Revisit Cyber Security for Children and Young People

Last week I blogged that there were a few events at #CyberFest21, that stood out for me during the festival. While all of the events were good, some have stuck in my memory, either because of the subject it was covering, the depth of the presentations or the audience it was aimed at. 

This week I am looking at ‘Cyber Security for Children and Young People’ the thirteenth and penultimate  event during #CyberFest, held on 29 September. This event, supported by the North East Initiative on Business Ethics, focussed on  some of the issues that affect children and young people and what can be done to help protect them from the more seamier side of the Internet.

With increasing numbers of children having their own online bank accounts (some linked to their parents accounts) there are some basic security issues that they, their parents or guardians should all be aware of. The rise of such threats as hacking social media accounts,  blackmailing,  revenge porn, in-game purchases and any number of issues from an increasing online presence, means that cyber hygiene for children and young people has never been a more important issue.

Lucy Batley, owner at Traction Industries and Jonny Green, Cyber Protect & Prepare Officer at North East Regional Special Operations Unit get the event underway with a discussion of their personal experiences around the issues facing children and young people online.

This is followed by Mimi Theobald,  graduate of the University of St Andrews in International Relations, discussing ‘Are children and young people particularly vulnerable to cyber threat?’. Alex Craig at Muckle LLP, then brings us up to date with some new legislation in this area ‘Children’s Code (Age Appropriate Design Code).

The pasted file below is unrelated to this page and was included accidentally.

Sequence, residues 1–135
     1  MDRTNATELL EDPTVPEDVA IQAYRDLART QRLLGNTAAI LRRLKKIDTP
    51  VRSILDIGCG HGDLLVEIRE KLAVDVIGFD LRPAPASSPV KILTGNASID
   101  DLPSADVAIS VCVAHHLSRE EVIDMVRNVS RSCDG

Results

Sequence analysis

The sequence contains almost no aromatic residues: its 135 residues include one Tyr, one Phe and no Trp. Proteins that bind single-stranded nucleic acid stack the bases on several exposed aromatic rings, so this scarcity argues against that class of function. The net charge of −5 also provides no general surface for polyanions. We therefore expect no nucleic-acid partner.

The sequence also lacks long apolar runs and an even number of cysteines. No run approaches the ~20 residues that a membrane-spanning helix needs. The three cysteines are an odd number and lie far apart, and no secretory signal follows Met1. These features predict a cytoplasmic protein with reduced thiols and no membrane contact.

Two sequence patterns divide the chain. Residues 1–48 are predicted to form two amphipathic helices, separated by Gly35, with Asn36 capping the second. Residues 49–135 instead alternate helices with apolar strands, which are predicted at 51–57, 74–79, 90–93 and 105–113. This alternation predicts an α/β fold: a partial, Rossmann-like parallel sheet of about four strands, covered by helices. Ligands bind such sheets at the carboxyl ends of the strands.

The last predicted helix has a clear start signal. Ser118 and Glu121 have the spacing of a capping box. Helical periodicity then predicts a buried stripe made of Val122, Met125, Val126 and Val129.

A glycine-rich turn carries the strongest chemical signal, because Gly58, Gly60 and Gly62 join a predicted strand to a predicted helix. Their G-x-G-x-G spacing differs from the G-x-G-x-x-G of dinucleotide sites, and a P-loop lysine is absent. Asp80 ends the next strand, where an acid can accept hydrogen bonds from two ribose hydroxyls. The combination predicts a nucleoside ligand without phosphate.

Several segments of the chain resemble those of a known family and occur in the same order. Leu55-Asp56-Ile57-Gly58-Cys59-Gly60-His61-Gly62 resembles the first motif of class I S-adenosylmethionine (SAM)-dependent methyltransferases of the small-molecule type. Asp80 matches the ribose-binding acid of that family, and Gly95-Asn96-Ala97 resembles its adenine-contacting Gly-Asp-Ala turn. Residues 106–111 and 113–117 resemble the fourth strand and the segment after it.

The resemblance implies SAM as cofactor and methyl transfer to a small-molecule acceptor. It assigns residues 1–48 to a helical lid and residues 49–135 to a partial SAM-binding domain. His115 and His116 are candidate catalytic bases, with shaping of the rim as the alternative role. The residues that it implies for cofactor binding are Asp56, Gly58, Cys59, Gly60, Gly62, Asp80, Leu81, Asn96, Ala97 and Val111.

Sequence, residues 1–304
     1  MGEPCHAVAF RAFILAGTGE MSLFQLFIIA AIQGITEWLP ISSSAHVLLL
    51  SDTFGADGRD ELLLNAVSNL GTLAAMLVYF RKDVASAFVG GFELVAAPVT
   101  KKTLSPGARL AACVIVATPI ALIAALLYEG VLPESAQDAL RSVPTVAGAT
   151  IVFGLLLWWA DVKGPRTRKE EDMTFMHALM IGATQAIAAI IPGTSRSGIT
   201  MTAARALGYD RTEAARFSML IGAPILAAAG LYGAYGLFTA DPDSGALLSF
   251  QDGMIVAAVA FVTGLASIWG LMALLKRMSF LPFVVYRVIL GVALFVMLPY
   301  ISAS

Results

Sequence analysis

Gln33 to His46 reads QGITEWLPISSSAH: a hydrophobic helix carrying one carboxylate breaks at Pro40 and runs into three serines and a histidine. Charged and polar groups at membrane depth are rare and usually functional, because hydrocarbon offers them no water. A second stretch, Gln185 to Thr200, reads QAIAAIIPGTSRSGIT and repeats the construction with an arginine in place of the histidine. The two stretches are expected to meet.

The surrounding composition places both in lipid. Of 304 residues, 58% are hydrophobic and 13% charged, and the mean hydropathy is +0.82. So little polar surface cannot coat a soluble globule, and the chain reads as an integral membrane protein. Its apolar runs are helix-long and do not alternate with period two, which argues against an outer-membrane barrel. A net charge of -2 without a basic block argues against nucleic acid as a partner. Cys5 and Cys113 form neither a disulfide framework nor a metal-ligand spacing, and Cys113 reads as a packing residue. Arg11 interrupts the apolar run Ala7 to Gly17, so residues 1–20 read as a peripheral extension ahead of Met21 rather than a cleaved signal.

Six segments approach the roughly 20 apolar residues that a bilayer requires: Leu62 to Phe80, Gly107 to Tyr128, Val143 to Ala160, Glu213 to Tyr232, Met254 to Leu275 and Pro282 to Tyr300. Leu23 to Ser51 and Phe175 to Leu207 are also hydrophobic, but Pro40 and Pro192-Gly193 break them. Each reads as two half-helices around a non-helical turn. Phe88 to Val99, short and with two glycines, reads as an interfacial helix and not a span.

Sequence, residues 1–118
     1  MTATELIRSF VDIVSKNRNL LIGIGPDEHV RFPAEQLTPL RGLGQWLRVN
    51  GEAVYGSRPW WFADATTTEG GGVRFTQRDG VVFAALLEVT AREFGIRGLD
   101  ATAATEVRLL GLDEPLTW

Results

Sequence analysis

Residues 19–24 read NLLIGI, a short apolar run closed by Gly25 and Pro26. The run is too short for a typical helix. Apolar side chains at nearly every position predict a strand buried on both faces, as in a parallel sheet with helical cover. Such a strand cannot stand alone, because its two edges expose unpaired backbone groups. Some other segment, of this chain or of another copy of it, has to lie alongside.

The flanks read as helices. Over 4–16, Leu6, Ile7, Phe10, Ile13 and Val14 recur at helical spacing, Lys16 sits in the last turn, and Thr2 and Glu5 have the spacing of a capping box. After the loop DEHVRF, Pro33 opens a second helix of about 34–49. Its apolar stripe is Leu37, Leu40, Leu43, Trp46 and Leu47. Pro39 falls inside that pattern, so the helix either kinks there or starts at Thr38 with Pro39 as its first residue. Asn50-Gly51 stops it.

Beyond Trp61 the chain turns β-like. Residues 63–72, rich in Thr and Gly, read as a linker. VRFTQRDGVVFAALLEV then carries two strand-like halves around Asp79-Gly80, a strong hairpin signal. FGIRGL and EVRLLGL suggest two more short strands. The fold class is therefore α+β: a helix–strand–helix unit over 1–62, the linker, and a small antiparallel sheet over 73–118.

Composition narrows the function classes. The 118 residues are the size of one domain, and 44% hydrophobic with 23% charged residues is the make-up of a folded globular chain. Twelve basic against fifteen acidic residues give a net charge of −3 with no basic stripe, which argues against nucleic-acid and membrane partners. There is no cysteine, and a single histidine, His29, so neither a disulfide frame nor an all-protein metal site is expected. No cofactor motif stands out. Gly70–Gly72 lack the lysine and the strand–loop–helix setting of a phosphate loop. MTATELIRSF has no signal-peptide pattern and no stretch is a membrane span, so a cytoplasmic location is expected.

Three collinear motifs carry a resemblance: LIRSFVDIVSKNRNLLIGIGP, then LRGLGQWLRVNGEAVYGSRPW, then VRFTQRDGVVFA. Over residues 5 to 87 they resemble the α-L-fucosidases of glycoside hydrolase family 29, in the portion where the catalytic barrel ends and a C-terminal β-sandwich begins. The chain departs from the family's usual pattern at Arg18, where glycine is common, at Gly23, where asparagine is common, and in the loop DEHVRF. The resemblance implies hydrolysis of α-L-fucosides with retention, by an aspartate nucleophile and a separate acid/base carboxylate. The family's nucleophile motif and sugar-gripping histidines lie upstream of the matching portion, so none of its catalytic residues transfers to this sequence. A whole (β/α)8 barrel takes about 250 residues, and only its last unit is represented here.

The presentations are then followed by a round table discussion questioning ‘Can children and young people do more to help themselves? What is the role of big tech? Is the industry doing enough to protect vulnerable groups? All of the speakers are involved in the discussion which is chaired by Dawn Dunn, Innovation Manager at Dynamo North East.

There is also a short appearance by Andrew Elliot, Deputy Director for Cyber Security and Digital Identity Directorate, DCMS.

The event is aimed at parents, child carers, children and young people (over 14), childminders and childrens’ services providers.

The video can be found here.

Timestamp for the speakers:

  • What are the issues facing children and young people online – Lucy Batley, Owner at Traction Industries and Jonny Green, Cyber Protect & Prepare Officer at North East Regional Special Operations Unit – 5:50 mins
  • Are children and young people particularly vulnerable to cyber threat – Mimi Theobald Aspiring Solicitor, Graduate of the University of St Andrews in International Relations – 25:00 mins
  • Deputy Director, Cyber Security at Department for Digital, Culture, Media and Sport (DCMS) – 46:50 mins
  • Children’s Code (Age Appropriate Design Code) – Alex Craig, Partner, Muckle LLP – 49:35 mins
  • Discussion – Can children and young people do more to help themselves? What is the role of big tech? Is the industry doing enough to protect vulnerable groups? – Speakers plus Dawn Dunn, Dynamo North East – 1:13:20 hour and mins

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